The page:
Saturday, September 26, 2009

Vyprania's Story: Northrend, Part I

After several months in Outland, I felt I had sharpened my skills as much as I could. There was still work to do there – the scattered followers of Illidan, Kael'thas, and Vashj continued to maraud the contryside, along with ogre tribes and other assorted miscreants. However, this would continue for years, until the populations of that world recovered enough from the decades of war to police their own lands. This was not my problem. I had other fights to fight.

I caught a boat to Northrend in Stormwind harbor. The main armies had left weeks earlier, the vanguard even earlier, but the recruiter at the dock assured me there would be work for soldiers-for-hire like myself still. From his eagerness to get me to sign, I assumed either casualties had been much higher than expected, or he badly needed the agent's fee he would collect. Either way, I didn't care. I was going to where Arthas was, the creature who had shaped me into the monster I was, and I would finally get to face him again.

As my boat wound its way between the shear walls of the Howling Fjord, I could see that things had gone badly. I was not surprised to see boats which had been lost early in the invasion, their hulls ground to splinters by repeated rising and falling tides. But some of the wrecks were recent, massive harpoons embedded in their hulls and fresh corpses on their decks. One ship was still burning, having been attacked only hours earlier. As we pulled into the dock, harpoons began to fall around us, fired from forts high above us. The crew was very anxious for us to disembark quickly so they could turn around and get out of there, and most of the soldiers and quartermasters on-board were more than happy to comply. But I would not be rushed. Northrend was my destiny, and I would not enter it like a frightened rabbit.

Over the next few days I found that the strength of the Alliances had pushed on towards the center of Northrend, to rendezvous with the troops landing in Borea and strike at the heart of Arthas' empire. I was eager to join them, but clearly something needed to be done about these Vrykul who had appeared and made such a mess of Valgarde's harbor. I found that the skills I had learned in Outland had more than prepared me for the task at hand. The local commanders quickly learned that if they assigned me to take out a harpoon station, it got taken out. Quickly, and with many flames and barbarians dying screaming, and with much less soldiers captured and tortured. I will admit that the time I returned home surfing on a ship-killing harpoon I had fired myself as the village behind me burned was a little dramatic, but I could hear the voices in my head screaming with excitement as I flew through the air.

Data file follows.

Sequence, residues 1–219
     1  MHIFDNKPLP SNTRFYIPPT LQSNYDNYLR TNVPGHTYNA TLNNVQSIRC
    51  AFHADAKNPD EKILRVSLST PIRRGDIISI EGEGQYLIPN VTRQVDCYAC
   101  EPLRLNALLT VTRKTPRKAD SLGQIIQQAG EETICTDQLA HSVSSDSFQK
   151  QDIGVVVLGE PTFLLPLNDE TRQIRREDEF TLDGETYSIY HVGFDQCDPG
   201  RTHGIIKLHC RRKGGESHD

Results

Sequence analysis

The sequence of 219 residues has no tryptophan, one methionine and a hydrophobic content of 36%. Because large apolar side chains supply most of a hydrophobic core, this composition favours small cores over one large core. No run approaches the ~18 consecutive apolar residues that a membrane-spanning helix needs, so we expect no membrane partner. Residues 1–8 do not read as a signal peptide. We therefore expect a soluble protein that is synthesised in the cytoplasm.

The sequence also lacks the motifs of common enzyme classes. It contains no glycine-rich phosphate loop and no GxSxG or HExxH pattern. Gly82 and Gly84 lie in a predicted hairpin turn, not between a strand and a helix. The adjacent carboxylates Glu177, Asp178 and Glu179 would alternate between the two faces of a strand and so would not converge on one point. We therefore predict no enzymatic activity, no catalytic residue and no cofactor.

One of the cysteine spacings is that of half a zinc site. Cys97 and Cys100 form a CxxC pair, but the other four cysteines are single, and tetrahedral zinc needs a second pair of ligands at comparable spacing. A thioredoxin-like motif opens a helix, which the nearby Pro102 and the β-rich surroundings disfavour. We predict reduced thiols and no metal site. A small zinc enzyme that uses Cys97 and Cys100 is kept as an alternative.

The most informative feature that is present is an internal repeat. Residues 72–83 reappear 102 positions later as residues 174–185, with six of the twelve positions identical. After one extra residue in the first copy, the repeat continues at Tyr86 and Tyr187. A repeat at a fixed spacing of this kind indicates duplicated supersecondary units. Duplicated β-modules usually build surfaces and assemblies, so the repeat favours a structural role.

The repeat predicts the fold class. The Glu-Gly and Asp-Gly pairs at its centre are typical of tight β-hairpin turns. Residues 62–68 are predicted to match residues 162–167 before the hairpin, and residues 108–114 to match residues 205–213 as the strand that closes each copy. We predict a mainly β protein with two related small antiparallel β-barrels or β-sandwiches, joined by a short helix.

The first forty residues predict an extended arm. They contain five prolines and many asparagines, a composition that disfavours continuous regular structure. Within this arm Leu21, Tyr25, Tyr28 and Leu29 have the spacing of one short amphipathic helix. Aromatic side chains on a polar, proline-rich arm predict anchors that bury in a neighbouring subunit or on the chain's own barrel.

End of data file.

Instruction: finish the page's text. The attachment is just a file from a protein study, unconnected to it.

In the wasted land of Dragonblight I caught up to the Alliance army, under the command of Bolvar Fordragon. They were preparing to assault the southern entrance to Icecrown, known as Wrathgate. A Horde army was camped nearby, and the leaders of the two armies had made plans for a joint assault. I was assigned to reinforce a company of heavy infantry from Darkshire. These humans were brave and well armed, and eager for the fight. On the morning of the assault, we were on the right flank, at the potential weak joint between the two forces. We were hit hard when Arthas unleashed an elite wave of undead Vyrkul to try to split the Alliance from the Horde, but despite losing nearly a quarter of our strength we pushed them back. By the afternoon, we thought the battle was won. Arthas' troops had been broken, and the ghouls were fleeing back into the citadel. And then, there he was. Arthas himself strode out onto the battlefield, and at first it appeared to be a desperate gambit to rally his troops. I readied myself, eager to join the final charge to wipe him from the face of Azeroth. But then suddenly the young Horde general was down, his soul ripped from his body by the dark magic of Frostmourne, and the corpses of our own troops were beginning to rise and fight us.